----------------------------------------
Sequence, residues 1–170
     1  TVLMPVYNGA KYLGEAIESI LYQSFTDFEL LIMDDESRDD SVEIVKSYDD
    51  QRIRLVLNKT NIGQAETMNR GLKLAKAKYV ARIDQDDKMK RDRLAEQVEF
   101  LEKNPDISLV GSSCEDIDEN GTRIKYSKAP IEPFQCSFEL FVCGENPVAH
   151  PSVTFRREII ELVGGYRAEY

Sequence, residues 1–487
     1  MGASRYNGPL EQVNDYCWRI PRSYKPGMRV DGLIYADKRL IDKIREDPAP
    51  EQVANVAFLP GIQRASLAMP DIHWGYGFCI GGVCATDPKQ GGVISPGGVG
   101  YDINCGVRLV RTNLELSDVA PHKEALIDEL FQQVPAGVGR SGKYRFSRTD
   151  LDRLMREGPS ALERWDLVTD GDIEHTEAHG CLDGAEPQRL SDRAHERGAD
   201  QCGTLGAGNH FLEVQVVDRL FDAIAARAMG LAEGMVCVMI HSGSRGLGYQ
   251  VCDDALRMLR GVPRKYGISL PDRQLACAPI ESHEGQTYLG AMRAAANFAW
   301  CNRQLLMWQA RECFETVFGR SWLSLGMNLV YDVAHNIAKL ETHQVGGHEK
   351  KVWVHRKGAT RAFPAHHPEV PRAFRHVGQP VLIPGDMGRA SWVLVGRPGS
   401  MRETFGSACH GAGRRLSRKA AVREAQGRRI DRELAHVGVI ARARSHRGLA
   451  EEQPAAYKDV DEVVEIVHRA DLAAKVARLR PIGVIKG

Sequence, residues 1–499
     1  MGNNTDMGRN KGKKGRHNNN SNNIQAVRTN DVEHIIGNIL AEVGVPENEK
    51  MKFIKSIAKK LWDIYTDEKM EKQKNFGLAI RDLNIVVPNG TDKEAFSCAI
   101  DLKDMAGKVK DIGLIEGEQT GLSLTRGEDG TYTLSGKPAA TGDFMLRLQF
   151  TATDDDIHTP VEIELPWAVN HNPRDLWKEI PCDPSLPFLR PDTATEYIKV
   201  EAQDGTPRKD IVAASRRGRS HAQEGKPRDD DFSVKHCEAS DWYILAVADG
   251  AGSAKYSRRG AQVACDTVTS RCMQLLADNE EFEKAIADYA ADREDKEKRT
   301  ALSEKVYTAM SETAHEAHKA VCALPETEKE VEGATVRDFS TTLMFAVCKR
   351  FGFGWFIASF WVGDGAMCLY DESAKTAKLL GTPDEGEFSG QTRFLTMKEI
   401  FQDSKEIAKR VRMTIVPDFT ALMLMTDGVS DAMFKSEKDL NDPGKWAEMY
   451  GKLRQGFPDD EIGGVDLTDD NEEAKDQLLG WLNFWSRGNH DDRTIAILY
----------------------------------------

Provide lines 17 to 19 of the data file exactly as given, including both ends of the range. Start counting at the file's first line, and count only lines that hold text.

Sequence, residues 1–499
     1  MGNNTDMGRN KGKKGRHNNN SNNIQAVRTN DVEHIIGNIL AEVGVPENEK
    51  MKFIKSIAKK LWDIYTDEKM EKQKNFGLAI RDLNIVVPNG TDKEAFSCAI